Many a common misunderstanding and misconceptions abound when addressing what OSHA requires or has not explicitly ruled on. First aid requirements are ones that can often be misunderstood. First aid is addressed in OSHA’s Standard 29 CFR 1910.151 on Medical Services and First Aid. There are four basic requirements in this Standard and while seemingly limited in number, they are expansive in potential scope and apply to any employer:
- Ensure readily available medical personnel for advice and consultation on matters of plant health;
- In the absence of an infirmary, clinic, or hospital in near proximity to the workplace which is used for the treatment of all injured employees, a person or persons shall be adequately trained to render first aid;
- Adequate first aid supplies shall be readily available; and
- If any person’s eyes or body may be exposed to injurious corrosive materials, suitable facilities for quick drenching or flushing of the eyes and body shall be provided within the work area for immediate emergency use.
While seemingly explicit, there is a lot of room for ambiguity and interpretation of these. In this article, we will address requirement number one (1) on “readily available personnel”.
The exact wording of the OSHA requirement [1910.151(a)] is:
“The employer shall ensure the ready availability of medical personnel for advice and consultation on matters of plant health.”
What OSHA has interpreted this to mean is that an employer must ensure prompt treatment for any injured employee at its facility. This is commonly addressed in one of two ways (or both if desired): by (a) having personnel onsite that are trained to render first aid to the injured person or, (b) by ensuring that emergency treatment services are within reasonable proximity of the worksite.
OSHA has stated in opinion letters that an employer must ensure that “… adequate first aid is available in the critical minutes between the occurrence of an injury and the availability of physician or hospital care for the injured employee.” 
The “reasonable proximity” component of what OSHA expects is also not explicitly defined by OSHA, but OSHA has provided some clarification in subsequent interpretations, namely that “… OSHA has long interpreted the term 'near proximity' to mean that emergency care must be available within no more than 3-4 minutes from the workplace.”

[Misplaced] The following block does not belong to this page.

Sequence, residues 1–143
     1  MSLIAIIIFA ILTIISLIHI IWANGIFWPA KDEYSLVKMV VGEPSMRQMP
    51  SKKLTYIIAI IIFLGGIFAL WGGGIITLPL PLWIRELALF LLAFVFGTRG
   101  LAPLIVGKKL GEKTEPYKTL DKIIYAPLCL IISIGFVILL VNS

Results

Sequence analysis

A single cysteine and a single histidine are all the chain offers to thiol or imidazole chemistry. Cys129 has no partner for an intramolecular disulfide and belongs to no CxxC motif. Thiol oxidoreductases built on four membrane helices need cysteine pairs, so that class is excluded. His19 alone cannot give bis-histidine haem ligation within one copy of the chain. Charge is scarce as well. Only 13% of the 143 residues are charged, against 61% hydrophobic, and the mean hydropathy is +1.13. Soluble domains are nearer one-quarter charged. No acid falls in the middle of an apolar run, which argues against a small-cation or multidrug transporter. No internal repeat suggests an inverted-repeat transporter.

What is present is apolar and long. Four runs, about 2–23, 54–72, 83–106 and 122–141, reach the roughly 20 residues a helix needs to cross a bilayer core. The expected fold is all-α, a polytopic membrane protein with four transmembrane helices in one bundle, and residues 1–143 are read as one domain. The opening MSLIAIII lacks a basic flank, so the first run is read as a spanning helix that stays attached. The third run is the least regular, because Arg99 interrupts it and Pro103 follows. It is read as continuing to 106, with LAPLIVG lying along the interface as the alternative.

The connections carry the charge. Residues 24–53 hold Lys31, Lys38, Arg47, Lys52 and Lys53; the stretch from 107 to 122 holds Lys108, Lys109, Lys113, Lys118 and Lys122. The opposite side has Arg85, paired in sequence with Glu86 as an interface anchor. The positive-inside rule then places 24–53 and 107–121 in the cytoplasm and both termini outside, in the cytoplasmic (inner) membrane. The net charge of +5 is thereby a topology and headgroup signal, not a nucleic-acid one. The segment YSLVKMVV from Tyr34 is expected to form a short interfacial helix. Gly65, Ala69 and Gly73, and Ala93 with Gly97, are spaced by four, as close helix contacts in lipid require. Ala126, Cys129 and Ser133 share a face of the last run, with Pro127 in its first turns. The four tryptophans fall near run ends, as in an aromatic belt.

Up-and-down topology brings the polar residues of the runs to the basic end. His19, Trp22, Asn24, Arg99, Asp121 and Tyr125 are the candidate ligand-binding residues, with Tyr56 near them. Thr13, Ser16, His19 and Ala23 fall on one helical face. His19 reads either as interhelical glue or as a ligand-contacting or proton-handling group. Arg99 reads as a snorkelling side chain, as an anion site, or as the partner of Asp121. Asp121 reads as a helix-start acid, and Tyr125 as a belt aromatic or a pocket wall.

OSHA further states in the same interpretation that “… in workplaces where serious accidents such as those involving falls, suffocation, electrocution, or amputation are possible, emergency medical services must be available within 3-4 minutes, if there is no employee on the site who is trained to render first aid.” 
OSHA has noted that in workplaces, such as offices, where the possibility of such serious work-related injuries is less likely, a longer response time of up to 15 minutes may be reasonable.
It should be noted that this Standard applies to all businesses, but more strict requirements do exist for unique special work conditions (logging, electrical power industry, etc.), where employee first aid training is mandatory, and a complete reliance on outside emergency responders is not allowed.
There are no exemptions for small employee or worker population sizes for compliance with this Standard.
As a major action step, employers should evaluate their operations and activities on a routine basis for the potential of serious injuries to occur and the availability of medical personnel within either the 3-4 minute window or the 15-minute window as identified in OSHA’s clarifications. This is particularly important if no onsite first aid responder is available. These time windows apply whether the employer has an ambulance or medical professionals come to its facility or plans to transport the injured person to a medical facility itself.
We will discuss first aid training in our next article on OSHA’s First Aid Requirements.
Mr. DiNitto is a co-founder and Managing Partner of The Isosceles Group with over 30 years of
years of environmental and safety consulting and business operations experience, with emphasis on the design and implementation of ESH management systems for business operations, and the analysis and reporting of international regulations for environmental and occupational health and safety that affect industry and commercial enterprises. He can be reached at firstname.lastname@example.org.